The first thing that we all noticed was the smog, not as bad as China, but still obvious. It continued into the airport and was omnipresent throughout the city. Most of us assume it was from industrial production. [NB from Ms. Freeman: I think it was/is fog!]
The first stop was an old traditional synagogue and the historic graveyard. I was introduced to after-death customs like leaving notes and stone at the base of grave stones, as well as how open and 'up for interpretation' Judaism is. I remember most the wall made up f grave stones that the Nazis had taken, broken up, and used as cobblestone. Being an agnostic, the idea of the after life is open and honestly pretty intimidating. No matter what, however, I have a stark reverence for post-mortem customs, all of which the Nazis abused. That concept of disregard for human decency was the biggest theme today, at least for me. In comparison to today, every day before pales, as today we delved into a much more direct emotional assault than days past. I think today was the key to making everything real.
This was our first concentration camp, except the camp itself had been burned away. What was left was a large open field with a bowl-like dip in the center. On the edge of the bowl was a massive statue, visible for miles, overtaking the sky, looking over the field. $ indistinct humanoids, heads bowed, greeted what would have been a beautiful and peaceful meadow, until Freeman explained that we were all standing on mass graves. Thousands of murdered Jews. Unnamed. Largely forgotten. Perhaps it was the disregard of custom that brought about such a visceral reaction, but I immediately began to cry for the first time this trip. She let us travel around and visit the memorial around the graves, and I decided to try the Jewish way of respect: placing a rock, from dust to dust. At the memorial one could see the whole mass grave in all its morbid splendor, knowing what rested unto the soil. I began to cry. I could not imagine what could drive such hatred, such disregard for human life, such that even in death the body is tossed aside, worthless. Something just seems horribly wrong about that.
I continued to walk around the general area and began to notice small-ish lumps of earth with trees grouping out, and I knew that mound was not meant to be there. As terrible as it was, leaving and reflecting I found a certain beauty in the area. The concept of from dust to dust seemed embodies in the grave. In life these people were tortured and persecuted [to put it lightly] but in death they became part of the earthy. Mother Earth came back for her children, and now the area stands as a place to honor and to remember, where their lives live on in each tree, each leaf, each blade of grass. I think that if I can think about it like that somehow these people have found peace. I may not be religious, but I still find incredible value in the concept or idea of an afterlife, entity, or even some sort of universal energy which was thrown off upon mankind's greatest evil.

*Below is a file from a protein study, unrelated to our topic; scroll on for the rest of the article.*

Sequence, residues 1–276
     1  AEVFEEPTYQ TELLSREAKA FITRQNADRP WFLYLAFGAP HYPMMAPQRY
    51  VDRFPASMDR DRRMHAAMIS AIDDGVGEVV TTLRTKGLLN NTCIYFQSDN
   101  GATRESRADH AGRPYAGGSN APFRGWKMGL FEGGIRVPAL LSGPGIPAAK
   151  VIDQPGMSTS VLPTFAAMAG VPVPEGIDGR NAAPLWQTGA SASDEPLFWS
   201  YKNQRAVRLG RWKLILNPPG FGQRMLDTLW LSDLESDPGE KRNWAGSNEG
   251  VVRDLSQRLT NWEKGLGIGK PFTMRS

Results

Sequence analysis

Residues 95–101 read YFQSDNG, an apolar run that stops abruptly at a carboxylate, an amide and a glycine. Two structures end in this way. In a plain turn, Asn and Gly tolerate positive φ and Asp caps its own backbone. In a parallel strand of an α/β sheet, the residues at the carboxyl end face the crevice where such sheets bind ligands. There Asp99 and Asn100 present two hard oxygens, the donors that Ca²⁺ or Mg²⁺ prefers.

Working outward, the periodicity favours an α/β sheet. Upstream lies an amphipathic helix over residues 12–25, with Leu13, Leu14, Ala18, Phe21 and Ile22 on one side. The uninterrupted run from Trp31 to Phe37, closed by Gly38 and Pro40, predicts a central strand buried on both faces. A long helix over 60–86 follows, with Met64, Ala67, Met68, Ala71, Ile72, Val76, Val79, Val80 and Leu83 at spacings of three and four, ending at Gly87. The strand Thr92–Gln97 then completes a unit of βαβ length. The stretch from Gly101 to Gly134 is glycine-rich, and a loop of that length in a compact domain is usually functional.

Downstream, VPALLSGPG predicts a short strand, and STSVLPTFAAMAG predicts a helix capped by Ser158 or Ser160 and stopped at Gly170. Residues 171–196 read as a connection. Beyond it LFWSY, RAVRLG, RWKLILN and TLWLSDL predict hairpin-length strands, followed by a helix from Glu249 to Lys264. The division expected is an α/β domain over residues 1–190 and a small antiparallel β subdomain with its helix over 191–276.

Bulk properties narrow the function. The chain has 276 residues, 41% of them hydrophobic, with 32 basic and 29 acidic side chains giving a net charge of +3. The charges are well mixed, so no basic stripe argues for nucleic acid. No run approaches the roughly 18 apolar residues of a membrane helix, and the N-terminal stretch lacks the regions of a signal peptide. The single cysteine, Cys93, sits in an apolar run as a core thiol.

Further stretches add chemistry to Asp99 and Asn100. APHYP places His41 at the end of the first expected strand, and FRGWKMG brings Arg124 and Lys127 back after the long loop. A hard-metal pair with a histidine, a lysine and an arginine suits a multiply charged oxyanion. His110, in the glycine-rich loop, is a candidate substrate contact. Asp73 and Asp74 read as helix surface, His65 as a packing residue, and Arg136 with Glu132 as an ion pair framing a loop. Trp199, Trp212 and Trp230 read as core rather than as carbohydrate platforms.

So many places that we have been to I feel like something is off. Something about the area is just wrong, as though the injustices still bleed from the very earth. Here, however? Here there was certain peace in the air, a promise of sorts. A promise of change and hope.
On a lighter note, Krakow is beautiful. The design of the buildings was a mix of simple German-esc, and complex Corinthian-style design. Churches and synagogues towered into the sky, the streets rang with life, trees swayed and welcomed visitors from all over the world. For lunch we were allowed to wander in groups, making new friends and hanging out with the old. We got vegan food as a small group [best wrap I have EVER tasted, vegan or otherwise], went to market, entered the church, and explored the surrounding area. The market was abound with amber products, tourist traps, and wonderful jewelry. The church had the most wonderful complex interior, with endless ceilings, multiple altar rooms, and magnificent icons. Almost everything was covered in some sort of gold finish, bouncing light around the large cavern.
Turns out, both the Jews and the Catholic/Christians remained fairly open minded about learning and being exposed to a different belief system.
Walking around the sun began to fall and the sky was strewn with memorizing pinks and blue, streaks of purple highlight a brilliant full moon, hanging proudly over a carefully constructed castle. It was a sight worth seeing.
She said "For once I felt as though I really did belong". She is Jewish, and she told me about how the Jewish community is fairly sparse, hidden, even suppressed back in Boston. Here, within the place that used to murder Jews, she felt as though she belonged. Incredible work has been done to restore Jewish culture to Poland, and it has been paying off. In the span of a few hours, I learned more about Judaism than all 16 years of living. Something about that just isn't right. Celebrating Jewish culture and heritage is often overlooked and devalued, but here In Poland it is celebrated and on an upward track to restoration.
Auschwitz! Great...No one is particularly excited for tomorrow. It is more nerves and anxiety, where each of us has a different interpretation and set of expectations for the camp. From what I understand it is museum-esc with information boards and whatnot. It's terrifying. Auschwitz is right there, across the street, and tomorrow we take on something none of us ever imagined. The new day holds new adventures, and an extreme need for the comforts we can find in each others presence.